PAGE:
The Long Overdue Music Update

Things have been both busy and stagnant over the last couple weeks. Here’s an overview of the projects I’m working on. First up I was asked to write some music for Mattel. They were developing the toys for the new PIXAR Brave film. They were looking for up-beat Scottish sounding music. Unfortunately the final music was given to someone else, but I got a few good tracks out of it and the guys I worked for liked it so much, they really fought for my tracks to win. In the end it all comes down to a matter of taste by the people who made the commercial, but here they are.


      Brave 1

      Brave 2

      Brave 3


After that, I met a couple of guys through work who do some video work for Disney. Every year, Disney puts on a musical for all its employees and donates the proceeds to a charity. The musical event is coming up soon and the commercials for the ticket sales are due. I was asked to write the music for these commercials. The commercials won’t be shown on TV, but they will be shown to all Disney employees internally. That’s over 8000 people so it’s a big opportunity and a lot of exposure for me. There will be 4 commercials total and I have been given the first 2. I can only post the music right now, but I’m told that I’ll get the videos with all the copywritten material removed that I can post soon. The first commercial is supposed to build anticipation for the event and the music should help the feeling along and give the feel of ‘It’s Happening Again Soon’.


      Disney Anticipation Music


The second commercial is for the event itself and needed to be fast-paced, very Disney adventure sounding music. All the music is supposed to tie together, so you’ll notice the intro to this one is the same as the first, only much faster and with full orchestra rather than piano. This one was a lot of fun to write and I’m considering making a full piece out of it just for fun. Hope you like it.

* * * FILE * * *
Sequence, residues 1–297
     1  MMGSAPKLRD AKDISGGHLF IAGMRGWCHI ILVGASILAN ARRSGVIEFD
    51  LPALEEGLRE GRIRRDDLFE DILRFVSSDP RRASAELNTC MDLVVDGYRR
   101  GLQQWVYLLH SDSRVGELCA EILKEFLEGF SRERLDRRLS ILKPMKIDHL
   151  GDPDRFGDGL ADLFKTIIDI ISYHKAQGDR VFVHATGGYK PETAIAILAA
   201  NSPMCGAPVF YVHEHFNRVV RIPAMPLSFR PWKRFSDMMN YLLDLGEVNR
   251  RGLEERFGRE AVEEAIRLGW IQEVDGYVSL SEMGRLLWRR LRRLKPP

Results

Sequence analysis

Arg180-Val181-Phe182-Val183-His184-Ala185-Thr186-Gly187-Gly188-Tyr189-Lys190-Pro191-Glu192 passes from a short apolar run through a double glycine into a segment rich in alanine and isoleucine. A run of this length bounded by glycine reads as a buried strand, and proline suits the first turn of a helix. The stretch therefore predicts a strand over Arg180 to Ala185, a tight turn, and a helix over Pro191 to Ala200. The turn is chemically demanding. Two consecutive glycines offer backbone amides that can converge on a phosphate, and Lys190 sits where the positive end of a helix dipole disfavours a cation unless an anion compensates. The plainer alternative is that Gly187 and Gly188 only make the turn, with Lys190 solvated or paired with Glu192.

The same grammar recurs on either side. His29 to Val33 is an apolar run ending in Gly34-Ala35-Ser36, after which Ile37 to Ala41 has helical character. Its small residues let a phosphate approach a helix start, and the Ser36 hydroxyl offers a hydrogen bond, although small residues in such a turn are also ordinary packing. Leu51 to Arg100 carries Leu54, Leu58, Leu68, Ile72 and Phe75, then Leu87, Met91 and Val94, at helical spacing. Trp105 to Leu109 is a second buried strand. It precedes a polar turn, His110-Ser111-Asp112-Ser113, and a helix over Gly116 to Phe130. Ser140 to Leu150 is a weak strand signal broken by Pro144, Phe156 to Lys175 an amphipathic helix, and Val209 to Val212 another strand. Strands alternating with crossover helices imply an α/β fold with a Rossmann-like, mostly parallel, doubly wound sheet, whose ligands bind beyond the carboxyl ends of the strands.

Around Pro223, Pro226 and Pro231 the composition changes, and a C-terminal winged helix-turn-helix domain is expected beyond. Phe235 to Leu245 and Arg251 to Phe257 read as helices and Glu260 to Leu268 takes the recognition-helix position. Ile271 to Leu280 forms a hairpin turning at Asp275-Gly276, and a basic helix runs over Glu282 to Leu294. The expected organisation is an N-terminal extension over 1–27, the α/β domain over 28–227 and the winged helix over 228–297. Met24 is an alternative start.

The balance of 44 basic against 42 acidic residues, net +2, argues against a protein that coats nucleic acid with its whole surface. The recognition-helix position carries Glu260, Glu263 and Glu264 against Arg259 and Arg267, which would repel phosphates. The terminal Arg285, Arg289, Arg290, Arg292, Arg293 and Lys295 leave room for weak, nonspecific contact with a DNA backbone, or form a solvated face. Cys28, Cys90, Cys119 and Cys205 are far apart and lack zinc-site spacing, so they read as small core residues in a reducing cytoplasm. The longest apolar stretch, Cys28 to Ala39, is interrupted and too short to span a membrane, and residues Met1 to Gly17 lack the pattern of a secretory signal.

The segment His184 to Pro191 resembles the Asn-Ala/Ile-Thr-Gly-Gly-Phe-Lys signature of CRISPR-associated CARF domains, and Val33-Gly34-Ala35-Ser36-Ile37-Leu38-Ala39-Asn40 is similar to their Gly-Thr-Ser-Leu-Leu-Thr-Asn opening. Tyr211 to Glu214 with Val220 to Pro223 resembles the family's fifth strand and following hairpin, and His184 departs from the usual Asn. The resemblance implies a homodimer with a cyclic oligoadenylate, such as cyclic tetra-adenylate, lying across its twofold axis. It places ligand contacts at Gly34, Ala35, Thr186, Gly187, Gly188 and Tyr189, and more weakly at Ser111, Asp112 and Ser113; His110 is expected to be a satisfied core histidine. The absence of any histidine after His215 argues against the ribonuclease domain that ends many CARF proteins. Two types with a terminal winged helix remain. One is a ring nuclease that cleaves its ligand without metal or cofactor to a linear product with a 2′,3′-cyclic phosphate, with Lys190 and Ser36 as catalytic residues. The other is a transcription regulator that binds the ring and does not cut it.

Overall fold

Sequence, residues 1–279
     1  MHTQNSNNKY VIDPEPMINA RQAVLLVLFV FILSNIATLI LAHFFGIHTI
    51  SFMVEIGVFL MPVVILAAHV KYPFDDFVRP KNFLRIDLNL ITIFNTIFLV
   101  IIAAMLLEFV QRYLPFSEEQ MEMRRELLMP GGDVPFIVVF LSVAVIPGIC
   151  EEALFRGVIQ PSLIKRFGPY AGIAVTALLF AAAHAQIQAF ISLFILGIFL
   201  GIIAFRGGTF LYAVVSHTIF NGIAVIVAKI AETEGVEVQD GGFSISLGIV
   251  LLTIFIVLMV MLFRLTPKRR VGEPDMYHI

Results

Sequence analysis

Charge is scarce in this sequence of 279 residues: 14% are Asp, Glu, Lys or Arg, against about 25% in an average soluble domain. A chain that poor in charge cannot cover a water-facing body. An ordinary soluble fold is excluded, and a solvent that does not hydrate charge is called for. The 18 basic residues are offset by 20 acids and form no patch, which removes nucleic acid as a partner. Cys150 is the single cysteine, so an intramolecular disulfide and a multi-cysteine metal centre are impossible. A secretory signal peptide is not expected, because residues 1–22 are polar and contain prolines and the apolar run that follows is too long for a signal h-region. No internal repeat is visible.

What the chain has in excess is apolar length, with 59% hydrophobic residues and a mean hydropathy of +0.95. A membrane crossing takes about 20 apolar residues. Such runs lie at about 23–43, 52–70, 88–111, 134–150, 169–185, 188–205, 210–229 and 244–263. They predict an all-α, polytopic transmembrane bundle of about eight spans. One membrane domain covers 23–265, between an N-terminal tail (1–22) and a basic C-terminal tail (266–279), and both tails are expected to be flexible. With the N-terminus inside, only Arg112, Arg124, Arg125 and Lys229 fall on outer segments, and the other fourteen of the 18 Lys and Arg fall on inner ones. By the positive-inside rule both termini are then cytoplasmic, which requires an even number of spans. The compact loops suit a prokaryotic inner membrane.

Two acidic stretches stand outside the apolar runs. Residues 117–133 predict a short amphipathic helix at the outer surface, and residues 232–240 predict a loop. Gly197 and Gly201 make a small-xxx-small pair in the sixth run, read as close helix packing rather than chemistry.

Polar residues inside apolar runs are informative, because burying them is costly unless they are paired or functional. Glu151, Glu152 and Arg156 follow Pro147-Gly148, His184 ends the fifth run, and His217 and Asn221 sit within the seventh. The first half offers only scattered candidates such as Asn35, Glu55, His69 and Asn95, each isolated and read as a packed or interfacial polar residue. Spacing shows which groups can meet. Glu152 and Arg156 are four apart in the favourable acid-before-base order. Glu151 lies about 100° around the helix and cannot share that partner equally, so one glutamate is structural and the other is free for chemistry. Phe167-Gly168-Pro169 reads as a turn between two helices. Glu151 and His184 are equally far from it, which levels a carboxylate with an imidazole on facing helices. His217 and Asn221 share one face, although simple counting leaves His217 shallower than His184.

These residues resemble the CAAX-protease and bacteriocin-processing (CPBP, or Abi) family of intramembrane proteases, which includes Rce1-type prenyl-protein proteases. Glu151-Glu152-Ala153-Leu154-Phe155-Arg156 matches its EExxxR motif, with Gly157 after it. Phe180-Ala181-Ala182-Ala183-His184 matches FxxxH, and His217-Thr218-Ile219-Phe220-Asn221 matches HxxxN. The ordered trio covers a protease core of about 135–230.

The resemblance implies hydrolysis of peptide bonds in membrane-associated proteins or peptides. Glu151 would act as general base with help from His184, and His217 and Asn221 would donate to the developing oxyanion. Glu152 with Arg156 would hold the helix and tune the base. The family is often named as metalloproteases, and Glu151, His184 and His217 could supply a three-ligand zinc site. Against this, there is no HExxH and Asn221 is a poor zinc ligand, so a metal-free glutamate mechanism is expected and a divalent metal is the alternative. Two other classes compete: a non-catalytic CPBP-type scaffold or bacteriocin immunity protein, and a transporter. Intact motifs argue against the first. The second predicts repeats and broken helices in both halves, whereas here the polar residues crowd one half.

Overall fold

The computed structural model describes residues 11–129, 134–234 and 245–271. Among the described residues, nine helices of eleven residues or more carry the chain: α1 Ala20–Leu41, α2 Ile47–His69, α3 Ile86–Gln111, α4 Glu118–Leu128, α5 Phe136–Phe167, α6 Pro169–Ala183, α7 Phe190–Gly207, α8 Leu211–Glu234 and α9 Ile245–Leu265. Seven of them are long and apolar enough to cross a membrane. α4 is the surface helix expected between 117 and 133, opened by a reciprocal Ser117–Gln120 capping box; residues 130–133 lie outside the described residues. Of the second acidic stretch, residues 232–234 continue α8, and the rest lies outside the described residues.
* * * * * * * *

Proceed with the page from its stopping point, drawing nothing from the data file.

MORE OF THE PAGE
Disney Adventure Music


Now for some new stuff. I moved out to California to realize my dream of becoming a film composer. That hasn’t happened yet. I’m not complaining or anything, but I’m young, determined and impatient so I want to move things along. The things I need are exposure and connections. I have quite a few connections and I’m sure given enough time, one of them will pan out, but more can’t hurt. Also a bit more exposure will also help. The Pete Carpenter Fellowship through BMI has gotten a foot in the door for me, but it’s time for the other foot. ASCAP, another music representation agency is also holding a fellowship that I wish to apply for. This one is quite different and equally exciting than the Pete Carpenter.   This one is the ASCAP Film and TV scoring workshop. 12 winners are selected each year to spend 4 weeks in LA and meet with film composers, agents and sound engineers and get an original piece of theirs recorded and produced by a live orchestra and sound team. It sounds like an amazing opportunity and I have to apply for it. The requirements are for you to submit 5 pieces of music. 2 of them are wild cards. They can be anything you want less than 3 minutes in length. The other 3 must be 90 seconds or less and from a list of 5 possible genres. Those genres are Romantic Comedy, Action/Adventure, Suspense/Thriller, Epic and Main Title. I’ve decided to do the romantic comedy, adventure and epic and pray for the best. The deadline is April 1st, so it’s time to get started. I just finished my first 90 second piece and it was the romantic comedy. I’m extremely happy with how this one came out.  My girlfriend Lauren bought me a book that had proved invaluable called the Mixing Engineers Handbook.

This book has tips on mixing and getting the most out of your mix. The biggest thing I’ve learned (so far) is the idea of putting each instrument in its own ‘space’ in terms of frequency. What that means is a piano can be played high or low, so if it’s playing high, you cut the low out of the sound and increase the high frequencies so there’s room for the bass instruments to play. You do the same for all your instruments. You accentuate the frequency range its playing in and remove the ones its not. This makes all your instruments sound clear, even when a full orchestra is playing. I’m still learning but I used this technique for the romantic comedy piece and I can hear the difference right away. Combine that with what I learned from Tim Jones, and I’m starting to get a very realistic sounding mix.


      Romantic Comedy

So that’s what I’m working on right now. I’ve got a couple other things in the wings, but this is keeping me busy for now. So I’ve got 2 months to write 4 more pieces for this new fellowship. Until then I’m still hoping to hear back from the composers I’ve contacted. I’ll be sure to post more of these pieces as I write them. Bye for now!

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